Horn (

Since it is very difficult to attain good fit for the LLTM researchers almost always rely on the correlation between the Rasch model (RM) item parameters and LLTM reconstructed item parameters to evaluate the usefulness of their cognitive theory in accounting for variations in item parameters. However, there is no recommended cut-off value in the literature on how large the correlation should be to confirm the validity of the weight matrix and by implication the explanatory usefulness of the cognitive model postulated. Furthermore, there is no statistical significance test for this correlation. Fischer and Formann (_{0} that the LLTM holds cannot be expressed by “

The empirical validity of the weight matrix is in fact evidence for the validity of the postulated cognitive model (Baghaei and Kubinger,

In short, we suggest that to evaluate the substantive plausibility of the cognitive model researchers can simulate random weight matrices with the same number of items and operations as there are in the actual theoretical weight matrix and feed them into the LLTM analysis and compute the average of the correlations yielded by these “fake” weight matrixes. We expect the correlation from the theoretical weight matrix to be greater than 95% of these correlations. In this case there is evidence for the usefulness and plausibility of the cognitive model to account for variance in item parameters.

To study the appropriateness and the feasibility of our approach we ran simulations based on two empirical data sets to which LLTM had been fitted before. Ghahramanlou et al. (

Baghaei and Ravand (^{3}

Deviance, number of estimated parameters and information criteria AIC and BIC for the RM and the LLTM of the two real data sets.

RM Listening | 4931.68 | 22 | 4975.68 | 5057.81 |

LLTM Listening | 5512.87 | 6 | 5524.87 | 5547.27 |

RM Reading | 5532.41 | 16 | 5564.41 | 5628.24 |

LLTM Reading | 5839.56 | 5 | 5849.56 | 5869.51 |

For the simulation study, three different scenarios were implemented. In the first two scenarios, weight matrices were intentionally misspecified with the aim of checking the impact on the correlation between the parameters. In Scenario 1, the weight matrix was misspecified to a high degree by simulating the design matrices almost completely at random. In Scenario 2 another approach was taken: the empirical weight matrix was taken as a starting point and perturbations were imposed gradually. Thus, Scenario 1 serves to get the lowest possible benchmark. In practice, a theoretically derived weight matrix should show a better fit and produce a higher correlation than a completely random matrix. Scenario 2 sets a low benchmark (but higher than in Scenario 1). Finally, Scenario 3 serves to get an upper benchmark for the fit of an empirical weight matrix.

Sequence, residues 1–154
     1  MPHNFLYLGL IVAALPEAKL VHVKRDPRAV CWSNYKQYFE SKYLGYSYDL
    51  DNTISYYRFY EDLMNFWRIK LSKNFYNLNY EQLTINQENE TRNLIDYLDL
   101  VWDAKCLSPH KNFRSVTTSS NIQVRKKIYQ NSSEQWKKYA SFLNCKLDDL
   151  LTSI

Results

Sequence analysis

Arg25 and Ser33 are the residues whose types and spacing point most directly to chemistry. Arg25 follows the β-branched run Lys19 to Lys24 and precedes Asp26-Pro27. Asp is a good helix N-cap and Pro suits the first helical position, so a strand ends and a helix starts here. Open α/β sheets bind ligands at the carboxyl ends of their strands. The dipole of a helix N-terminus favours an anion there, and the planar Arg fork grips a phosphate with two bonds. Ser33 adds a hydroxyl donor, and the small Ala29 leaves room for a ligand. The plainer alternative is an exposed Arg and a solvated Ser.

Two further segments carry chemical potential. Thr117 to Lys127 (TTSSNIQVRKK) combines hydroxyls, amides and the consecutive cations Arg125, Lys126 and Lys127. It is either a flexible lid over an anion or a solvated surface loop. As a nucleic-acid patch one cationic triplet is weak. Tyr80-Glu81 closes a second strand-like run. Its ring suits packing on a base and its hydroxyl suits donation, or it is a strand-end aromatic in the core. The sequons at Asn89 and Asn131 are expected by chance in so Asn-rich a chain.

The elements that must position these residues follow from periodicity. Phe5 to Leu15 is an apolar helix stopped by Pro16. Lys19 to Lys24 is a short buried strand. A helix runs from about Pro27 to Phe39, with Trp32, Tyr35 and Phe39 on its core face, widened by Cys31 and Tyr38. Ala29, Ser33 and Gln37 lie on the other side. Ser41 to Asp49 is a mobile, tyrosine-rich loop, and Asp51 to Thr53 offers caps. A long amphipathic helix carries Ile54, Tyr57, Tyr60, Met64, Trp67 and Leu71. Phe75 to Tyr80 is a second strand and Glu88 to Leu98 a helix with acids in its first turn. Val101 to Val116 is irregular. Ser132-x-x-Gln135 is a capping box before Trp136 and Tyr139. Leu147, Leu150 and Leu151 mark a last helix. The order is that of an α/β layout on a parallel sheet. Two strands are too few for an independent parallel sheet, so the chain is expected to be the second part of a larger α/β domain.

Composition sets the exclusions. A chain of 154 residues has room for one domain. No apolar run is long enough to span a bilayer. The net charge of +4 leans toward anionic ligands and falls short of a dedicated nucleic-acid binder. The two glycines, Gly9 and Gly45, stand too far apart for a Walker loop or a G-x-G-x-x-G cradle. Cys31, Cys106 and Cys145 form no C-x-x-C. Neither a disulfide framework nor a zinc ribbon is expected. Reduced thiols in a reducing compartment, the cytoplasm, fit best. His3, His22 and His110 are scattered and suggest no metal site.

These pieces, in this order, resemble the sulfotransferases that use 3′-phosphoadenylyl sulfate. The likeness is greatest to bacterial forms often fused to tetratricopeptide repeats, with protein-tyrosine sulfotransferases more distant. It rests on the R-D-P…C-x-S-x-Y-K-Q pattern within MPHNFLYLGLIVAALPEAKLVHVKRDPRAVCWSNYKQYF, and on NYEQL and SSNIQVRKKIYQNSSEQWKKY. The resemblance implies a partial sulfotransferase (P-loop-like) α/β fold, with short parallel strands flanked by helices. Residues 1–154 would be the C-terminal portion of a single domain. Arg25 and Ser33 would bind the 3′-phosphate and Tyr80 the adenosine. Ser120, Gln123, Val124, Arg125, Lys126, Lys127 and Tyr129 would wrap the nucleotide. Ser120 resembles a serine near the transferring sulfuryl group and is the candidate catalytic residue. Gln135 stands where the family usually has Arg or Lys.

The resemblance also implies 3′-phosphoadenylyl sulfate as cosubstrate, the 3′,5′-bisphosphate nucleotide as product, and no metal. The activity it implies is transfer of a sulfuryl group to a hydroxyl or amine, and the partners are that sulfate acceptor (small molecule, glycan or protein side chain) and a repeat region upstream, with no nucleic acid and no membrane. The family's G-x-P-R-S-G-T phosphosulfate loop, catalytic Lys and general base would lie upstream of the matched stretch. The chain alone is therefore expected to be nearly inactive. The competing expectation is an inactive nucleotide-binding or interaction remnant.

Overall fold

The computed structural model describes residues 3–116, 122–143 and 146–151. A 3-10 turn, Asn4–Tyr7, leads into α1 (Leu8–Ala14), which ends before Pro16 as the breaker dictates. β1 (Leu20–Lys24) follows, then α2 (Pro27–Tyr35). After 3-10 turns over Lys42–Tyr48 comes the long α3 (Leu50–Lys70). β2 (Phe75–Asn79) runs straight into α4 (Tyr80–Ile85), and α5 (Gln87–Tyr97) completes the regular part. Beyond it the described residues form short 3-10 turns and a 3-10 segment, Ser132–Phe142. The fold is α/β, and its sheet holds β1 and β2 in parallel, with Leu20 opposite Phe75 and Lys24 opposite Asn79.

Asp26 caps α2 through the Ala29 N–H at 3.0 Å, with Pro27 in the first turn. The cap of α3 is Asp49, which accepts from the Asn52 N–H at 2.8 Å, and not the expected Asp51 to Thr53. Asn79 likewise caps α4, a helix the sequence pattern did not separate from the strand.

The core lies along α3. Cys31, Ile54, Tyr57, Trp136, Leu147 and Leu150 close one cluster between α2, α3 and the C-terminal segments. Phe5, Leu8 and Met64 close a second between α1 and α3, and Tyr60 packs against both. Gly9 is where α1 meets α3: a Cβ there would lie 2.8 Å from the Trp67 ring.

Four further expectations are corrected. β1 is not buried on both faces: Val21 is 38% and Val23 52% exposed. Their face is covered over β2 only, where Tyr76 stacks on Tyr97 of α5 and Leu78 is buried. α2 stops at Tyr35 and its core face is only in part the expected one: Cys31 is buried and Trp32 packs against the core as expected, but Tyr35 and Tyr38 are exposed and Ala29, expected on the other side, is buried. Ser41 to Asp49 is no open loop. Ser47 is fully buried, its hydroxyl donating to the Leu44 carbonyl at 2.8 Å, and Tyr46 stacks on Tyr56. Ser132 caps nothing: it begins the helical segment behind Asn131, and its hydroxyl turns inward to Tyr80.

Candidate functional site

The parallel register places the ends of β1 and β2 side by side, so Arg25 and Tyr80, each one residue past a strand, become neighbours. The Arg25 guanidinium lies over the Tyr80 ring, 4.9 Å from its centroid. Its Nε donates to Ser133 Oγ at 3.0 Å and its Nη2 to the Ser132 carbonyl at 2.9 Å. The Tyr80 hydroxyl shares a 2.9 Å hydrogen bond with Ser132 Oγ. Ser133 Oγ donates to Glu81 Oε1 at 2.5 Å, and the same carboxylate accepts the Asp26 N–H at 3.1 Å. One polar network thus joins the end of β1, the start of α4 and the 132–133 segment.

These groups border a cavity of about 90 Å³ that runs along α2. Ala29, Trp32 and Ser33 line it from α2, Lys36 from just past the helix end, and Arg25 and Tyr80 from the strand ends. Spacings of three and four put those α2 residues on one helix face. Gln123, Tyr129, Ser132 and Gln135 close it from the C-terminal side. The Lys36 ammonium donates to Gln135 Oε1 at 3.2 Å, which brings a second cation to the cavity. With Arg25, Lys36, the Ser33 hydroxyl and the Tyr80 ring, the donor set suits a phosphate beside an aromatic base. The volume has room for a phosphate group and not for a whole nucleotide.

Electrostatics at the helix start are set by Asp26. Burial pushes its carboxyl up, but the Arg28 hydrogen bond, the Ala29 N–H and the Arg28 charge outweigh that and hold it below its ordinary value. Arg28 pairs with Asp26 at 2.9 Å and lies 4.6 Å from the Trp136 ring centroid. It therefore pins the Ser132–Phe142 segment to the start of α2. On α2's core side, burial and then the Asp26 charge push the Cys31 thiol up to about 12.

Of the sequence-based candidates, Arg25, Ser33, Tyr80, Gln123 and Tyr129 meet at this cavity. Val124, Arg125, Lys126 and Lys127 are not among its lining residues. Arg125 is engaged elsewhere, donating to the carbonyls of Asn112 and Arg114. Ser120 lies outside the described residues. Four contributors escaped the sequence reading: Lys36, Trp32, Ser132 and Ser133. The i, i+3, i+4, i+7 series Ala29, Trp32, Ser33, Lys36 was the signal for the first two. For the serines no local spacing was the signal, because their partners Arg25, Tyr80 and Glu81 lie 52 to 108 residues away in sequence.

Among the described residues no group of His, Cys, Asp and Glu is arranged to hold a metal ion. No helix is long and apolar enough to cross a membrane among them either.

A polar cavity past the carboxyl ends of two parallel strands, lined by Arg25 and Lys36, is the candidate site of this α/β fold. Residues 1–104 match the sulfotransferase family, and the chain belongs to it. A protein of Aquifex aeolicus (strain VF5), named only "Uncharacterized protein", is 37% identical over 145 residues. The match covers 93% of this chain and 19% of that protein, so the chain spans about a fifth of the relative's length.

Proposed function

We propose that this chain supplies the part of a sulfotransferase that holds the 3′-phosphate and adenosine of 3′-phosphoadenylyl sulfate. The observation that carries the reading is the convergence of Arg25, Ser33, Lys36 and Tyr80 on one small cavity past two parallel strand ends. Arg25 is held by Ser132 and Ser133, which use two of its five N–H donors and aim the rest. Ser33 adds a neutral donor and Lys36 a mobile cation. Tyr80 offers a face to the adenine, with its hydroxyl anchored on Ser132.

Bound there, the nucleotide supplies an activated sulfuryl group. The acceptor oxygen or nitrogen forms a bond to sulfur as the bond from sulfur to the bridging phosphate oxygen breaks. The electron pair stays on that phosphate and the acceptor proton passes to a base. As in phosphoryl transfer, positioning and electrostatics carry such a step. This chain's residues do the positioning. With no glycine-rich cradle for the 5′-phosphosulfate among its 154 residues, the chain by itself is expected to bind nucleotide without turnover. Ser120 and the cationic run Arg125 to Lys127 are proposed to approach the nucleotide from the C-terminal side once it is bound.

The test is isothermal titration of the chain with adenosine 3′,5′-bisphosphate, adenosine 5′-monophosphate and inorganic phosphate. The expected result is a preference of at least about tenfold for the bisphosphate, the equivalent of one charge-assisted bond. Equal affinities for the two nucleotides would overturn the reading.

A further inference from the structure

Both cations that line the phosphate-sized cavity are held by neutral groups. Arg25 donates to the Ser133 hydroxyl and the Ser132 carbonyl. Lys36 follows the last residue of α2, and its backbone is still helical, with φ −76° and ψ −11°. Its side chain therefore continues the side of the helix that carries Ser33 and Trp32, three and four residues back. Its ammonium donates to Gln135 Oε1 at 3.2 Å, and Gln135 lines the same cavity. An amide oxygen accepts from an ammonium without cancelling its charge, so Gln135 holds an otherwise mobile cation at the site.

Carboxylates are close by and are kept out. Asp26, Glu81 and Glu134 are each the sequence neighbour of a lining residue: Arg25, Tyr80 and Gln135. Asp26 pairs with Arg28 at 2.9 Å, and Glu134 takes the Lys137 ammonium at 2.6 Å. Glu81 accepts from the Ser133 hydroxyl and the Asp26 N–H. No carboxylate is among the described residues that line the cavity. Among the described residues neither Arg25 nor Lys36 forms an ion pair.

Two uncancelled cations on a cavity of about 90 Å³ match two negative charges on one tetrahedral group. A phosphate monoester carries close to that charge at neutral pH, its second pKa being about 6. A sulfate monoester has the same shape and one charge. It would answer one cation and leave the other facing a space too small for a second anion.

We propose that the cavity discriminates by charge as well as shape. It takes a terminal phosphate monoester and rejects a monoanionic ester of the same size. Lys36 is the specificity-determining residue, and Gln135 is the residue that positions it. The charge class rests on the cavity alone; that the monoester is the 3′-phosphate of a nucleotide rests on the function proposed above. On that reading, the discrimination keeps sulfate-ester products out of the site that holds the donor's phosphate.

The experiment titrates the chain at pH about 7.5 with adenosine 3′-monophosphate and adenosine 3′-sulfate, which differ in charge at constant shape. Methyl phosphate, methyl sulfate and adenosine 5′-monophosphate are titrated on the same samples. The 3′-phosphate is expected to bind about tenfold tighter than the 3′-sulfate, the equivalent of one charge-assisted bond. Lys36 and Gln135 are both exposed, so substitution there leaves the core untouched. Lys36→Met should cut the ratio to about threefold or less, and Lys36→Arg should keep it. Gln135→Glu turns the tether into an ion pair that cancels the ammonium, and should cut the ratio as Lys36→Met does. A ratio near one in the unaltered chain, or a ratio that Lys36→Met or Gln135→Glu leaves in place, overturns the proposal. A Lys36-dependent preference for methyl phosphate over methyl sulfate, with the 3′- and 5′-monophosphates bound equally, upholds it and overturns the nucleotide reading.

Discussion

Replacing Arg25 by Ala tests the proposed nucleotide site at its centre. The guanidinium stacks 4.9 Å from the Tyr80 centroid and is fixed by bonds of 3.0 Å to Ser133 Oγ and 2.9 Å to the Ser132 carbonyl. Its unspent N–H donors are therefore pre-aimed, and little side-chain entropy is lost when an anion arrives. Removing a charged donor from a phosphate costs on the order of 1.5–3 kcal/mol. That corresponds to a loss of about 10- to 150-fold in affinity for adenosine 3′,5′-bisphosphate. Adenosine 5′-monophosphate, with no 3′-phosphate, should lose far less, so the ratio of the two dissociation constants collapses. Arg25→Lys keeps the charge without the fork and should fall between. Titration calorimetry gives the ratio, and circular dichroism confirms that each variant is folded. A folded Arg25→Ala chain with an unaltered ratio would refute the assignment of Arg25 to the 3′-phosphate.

The dimensions of the original weight matrices _{L} of the listening test were 61.59% and 38.41%, respectively. For the reading test the proportions of 0′s and 1′s in the weight matrix _{R} were 65.88 and 34.12%, respectively. To create the random weight matrices, each entry of the matrix _{ij} was sampled from _{ij} ∈ {0;1} and the proportion of 1′s was altered between 30 and 70%. The reason for deciding to limit the proportion of 1′s between 0.3 and 0.7 was that in applications of the LLTM the proportion of 1′s in design matrices of the LLTM is smaller than the proportion of 0′s and rarely exceeds 0.7 (for a typical example of an application of the LLTM see Freund et al., _{S} were generated and the original empirical data sets were analyzed using these 1,000 matrices. The correlations between the item parameters from the Rasch model of the empirical data with those reconstructed from the LLTM basic parameters using the simulated weight matrices were calculated. In addition the LR test and information criteria AIC and BIC comparing the LLTM with the Rasch model were computed. If the empirical weight matrices _{R} and _{L} are substantively valid, we expect the majority of the _{S}′ s lead to correlations lower than those based on actual matrices _{R}and _{L} because they do not rest on a theoretical rationale but are only randomly generated. Table

Weight matrices created completely at random, are a rather low benchmark for validity. Therefore, a second scenario was implemented: the new weight matrices were not sampled randomly; instead, the original matrices _{R} and _{L} were taken and were modified to introduce some amount of “randomness” or noise to them. For this purpose a varying number of rows (representing the items) of the _{R} and _{L} were misplaced.